Ever since the meteoric rise of FromSoftware’s Souls franchise, players have used the iconic series as the standard for challenging games that feature notoriously difficult boss battles. The endless comparisons have even given rise to the oft-mocked phrase “it’s just like Dark Souls”, a generalized reference to the arduous nature of Souls-like games.
But FromSoftware’s latest release, Elden Ring, may be drawing from more than just Dark Souls. In fact, it looks like the developer picked up a few tricks from another hit RPG that I play, Genshin Impact.
After clocking countless hours on both games, I’ve come to realize that Elden Ring is just like Genshin Impact, and here’s why.
5 reasons why Elden Ring is exactly like Genshin Impact
5. You can die to seemingly harmless animals
Right off the bat, Elden Ring and Genshin Impact are both centered around detailed world-building. Elden Ring’s beginning location of Limgrave is akin to the lush valleys of Genshin’s Mondstadt, but one uncanny feature that they both share is the abundance of boars.
The boars in Genshin and Elden Ring provide useful items like meat and bones respectively, but don’t let their furry plumpness deceive you. Once you turn your back to them, these ruthless creatures are bound to charge at you and take off a nice chunk of your health.
While Teyvat’s boars are its only hostile animals, The Lands Between are home to other killer wildlife such as dogs, goats, and giant bats. The rams are so strong that the developers even created the Lightning Ram Ash of War, a skill that lets you roll into a ball and crush your enemies. It’s pretty metal.
4. Dragons exist to ruin your life
Dragons are a classic enemy type in fantasy RPGs, and it’s no surprise that Elden Ring and Genshin both feature insanely hard dragon battles.
After defeating the Tree Sentinel and Godrick the Grafted, I thought that Elden Ring’s bosses were quite manageable until I ran into my first dragon, Smarag. The towering creature can fly, call forth earthquakes, and even focus its fire on a specific character. That’s just like Stormterror, Genshin’s very own dragon.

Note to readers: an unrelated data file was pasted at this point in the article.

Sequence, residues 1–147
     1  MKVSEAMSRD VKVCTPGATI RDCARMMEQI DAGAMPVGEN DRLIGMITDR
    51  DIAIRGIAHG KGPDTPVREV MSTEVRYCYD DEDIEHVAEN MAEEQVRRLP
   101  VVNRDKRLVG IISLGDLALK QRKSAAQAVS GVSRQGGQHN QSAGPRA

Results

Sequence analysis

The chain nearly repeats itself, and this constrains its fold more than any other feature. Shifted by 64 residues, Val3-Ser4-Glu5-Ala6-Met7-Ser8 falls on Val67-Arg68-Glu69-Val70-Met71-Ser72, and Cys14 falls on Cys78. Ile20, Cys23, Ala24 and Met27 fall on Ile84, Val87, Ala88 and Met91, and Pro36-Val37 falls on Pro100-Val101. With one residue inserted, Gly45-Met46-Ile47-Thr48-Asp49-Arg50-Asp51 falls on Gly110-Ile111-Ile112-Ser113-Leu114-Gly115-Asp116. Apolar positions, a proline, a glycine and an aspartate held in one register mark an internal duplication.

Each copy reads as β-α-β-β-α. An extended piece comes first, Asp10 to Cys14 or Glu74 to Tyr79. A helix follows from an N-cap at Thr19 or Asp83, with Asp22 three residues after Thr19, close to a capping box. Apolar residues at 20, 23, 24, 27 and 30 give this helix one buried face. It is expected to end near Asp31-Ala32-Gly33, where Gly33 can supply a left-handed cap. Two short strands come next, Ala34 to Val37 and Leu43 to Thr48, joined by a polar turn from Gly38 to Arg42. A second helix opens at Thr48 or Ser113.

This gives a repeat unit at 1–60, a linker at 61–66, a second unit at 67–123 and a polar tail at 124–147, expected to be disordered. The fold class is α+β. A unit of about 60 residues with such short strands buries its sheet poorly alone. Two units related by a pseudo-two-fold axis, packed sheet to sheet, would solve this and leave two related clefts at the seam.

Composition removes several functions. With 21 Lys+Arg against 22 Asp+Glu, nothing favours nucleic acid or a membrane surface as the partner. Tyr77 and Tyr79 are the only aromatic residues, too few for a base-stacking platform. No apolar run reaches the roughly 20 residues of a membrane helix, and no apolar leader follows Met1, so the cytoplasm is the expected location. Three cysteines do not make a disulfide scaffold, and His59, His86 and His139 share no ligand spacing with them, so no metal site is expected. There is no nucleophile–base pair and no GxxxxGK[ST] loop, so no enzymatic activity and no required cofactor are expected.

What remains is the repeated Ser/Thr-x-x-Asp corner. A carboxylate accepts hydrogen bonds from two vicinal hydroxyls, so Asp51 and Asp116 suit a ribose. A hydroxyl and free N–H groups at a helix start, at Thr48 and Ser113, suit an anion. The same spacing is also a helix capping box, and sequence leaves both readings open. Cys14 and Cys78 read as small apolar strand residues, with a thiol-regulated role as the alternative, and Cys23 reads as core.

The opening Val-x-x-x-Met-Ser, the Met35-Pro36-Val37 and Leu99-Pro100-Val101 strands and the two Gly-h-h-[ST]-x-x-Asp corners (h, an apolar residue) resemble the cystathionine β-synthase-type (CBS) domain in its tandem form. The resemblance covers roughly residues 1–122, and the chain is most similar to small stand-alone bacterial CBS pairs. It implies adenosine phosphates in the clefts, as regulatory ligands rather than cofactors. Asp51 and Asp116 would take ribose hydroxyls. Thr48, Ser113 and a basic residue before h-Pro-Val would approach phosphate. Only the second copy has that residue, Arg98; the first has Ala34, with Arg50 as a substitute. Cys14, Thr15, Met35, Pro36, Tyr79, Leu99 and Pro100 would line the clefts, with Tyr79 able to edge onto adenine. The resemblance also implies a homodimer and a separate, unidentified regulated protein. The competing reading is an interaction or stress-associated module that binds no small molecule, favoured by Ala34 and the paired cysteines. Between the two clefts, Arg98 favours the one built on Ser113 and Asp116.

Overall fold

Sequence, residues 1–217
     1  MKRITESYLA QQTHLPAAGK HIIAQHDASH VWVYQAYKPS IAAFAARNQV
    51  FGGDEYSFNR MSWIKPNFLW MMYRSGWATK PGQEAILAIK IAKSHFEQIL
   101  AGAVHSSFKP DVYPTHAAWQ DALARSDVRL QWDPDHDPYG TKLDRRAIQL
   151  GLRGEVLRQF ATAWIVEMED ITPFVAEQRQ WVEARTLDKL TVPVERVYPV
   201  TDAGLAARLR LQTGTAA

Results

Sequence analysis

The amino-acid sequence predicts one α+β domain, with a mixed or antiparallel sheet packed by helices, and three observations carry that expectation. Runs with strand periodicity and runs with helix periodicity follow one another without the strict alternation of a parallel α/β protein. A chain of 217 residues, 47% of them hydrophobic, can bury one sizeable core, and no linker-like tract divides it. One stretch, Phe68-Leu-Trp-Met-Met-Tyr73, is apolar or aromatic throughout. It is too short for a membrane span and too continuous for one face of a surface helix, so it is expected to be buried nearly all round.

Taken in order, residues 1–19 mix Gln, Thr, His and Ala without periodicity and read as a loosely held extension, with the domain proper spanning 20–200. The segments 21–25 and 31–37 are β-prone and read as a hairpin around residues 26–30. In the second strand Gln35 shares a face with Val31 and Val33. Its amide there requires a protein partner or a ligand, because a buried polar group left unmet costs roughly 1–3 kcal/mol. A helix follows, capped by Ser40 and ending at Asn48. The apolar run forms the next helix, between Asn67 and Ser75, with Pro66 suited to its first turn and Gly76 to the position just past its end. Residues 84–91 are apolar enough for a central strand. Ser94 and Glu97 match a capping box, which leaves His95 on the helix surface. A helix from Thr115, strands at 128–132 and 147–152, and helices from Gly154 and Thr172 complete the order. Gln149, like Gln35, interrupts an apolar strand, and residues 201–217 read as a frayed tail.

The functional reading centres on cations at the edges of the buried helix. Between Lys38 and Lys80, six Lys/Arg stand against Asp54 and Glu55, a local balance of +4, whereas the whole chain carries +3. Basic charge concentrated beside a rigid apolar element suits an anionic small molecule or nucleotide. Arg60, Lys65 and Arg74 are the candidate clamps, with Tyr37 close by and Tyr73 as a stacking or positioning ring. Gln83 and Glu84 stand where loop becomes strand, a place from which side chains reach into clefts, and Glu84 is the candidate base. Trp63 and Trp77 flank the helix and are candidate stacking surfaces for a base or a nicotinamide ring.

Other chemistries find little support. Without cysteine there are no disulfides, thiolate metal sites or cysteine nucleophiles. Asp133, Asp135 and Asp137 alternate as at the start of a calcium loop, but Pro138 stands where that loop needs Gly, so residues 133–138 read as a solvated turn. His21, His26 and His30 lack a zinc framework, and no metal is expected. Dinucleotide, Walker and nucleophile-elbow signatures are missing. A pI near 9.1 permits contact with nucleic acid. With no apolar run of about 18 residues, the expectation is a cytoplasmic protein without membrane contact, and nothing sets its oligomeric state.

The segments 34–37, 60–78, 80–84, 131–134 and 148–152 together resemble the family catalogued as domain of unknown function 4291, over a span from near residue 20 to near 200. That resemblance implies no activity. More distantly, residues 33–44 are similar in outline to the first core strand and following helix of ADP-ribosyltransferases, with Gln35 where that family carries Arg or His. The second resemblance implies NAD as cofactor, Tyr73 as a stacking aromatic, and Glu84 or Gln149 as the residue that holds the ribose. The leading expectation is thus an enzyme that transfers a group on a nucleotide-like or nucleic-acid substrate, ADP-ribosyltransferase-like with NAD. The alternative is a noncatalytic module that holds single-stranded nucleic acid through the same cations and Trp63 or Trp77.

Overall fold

Despite being completely optional, this dragon battle was worth my squad’s efforts. It was a test of true strength for a lowly Tarnished. In a similar vein, Stormterror is the first important Genshin boss that you must conquer to expand the world map and answer your calling as a traveler.
3. Xingqiu’s elemental burst is an actual Ash of War in Elden Ring
While the two titles do borrow from the folklore surrounding knights and samurai, FromSoftware managed to design an Ash of War skill that looks and works exactly like Xingqiu’s C1 Raincutter.
Just like Raincutter, Glintblade Phalanx summons four magical blue swords that hover around your character and attack opponents. What’s more, both skills have defensive properties that cause the swords to break upon enemy contact.
Coincidence? I think not.
2. You need to farm a lot to make your character good
The two RPG titles also have intricate economic systems for leveling up characters, equipment, and weapons.
In the FromSoftware game, players primarily earn Runes, the in-game currency, by defeating enemies and bosses. An average boss would reward you with around 10,000 to 20,000 runes, but here’s where things get complicated.
The amount of Runes needed to upgrade a character’s stats exponentially grows, starting with a reasonable cost of 673 at level 1 to a whopping 13,435 at my current level of 47. Bear in mind that you can only upgrade one of eight stats per level so every purchase is an investment.
Furthermore, Elden Ring’s best weapons like the Moonveil Katana require oddly specific stats. Despite being a weapon meant for a Dexterity-based samurai build, it requires 23 Intelligence, a stat mostly used by magic users. I made the rookie mistake of putting all my Runes into Vigor and Dexterity, and had to farm for days on end to reach the Moonveil’s requirement.
The character leveling system in Genshin Impact is a similar grind, pushing players to stock up on rare gems, common enemy drops, boss items, and XP materials. This doesn’t even include the upgrades for artifacts, weapons, and talents, which also contribute to a character’s power.
At the end of the day, both games share the philosophy that succeeding in battle requires more than just endurance, strength, and bravery. Resource management is the most important skill for those who want to become the ultimate warrior.
1. Elden Ring becomes a whole new adventure in co-op multiplayer
To end things on a more wholesome note, Genshin and Elden Ring provide an enjoyable co-op multiplayer experience.
As my first Souls game, Elden Ring’s gameplay was quite daunting at first, but everything started to click once I met players who had already braved the red skies of Caelid and the blizzards of the Mountaintops. Instead of fearing every enemy with a named health bar, I finally had the courage to fight dragons and slay giants in a Tarnished troop.
Throughout the clutch heals, epic combos, and the frustrating experience of getting one-shot, HoYoverse and FromSoftware have both created unique worlds that are best explored with a few friends.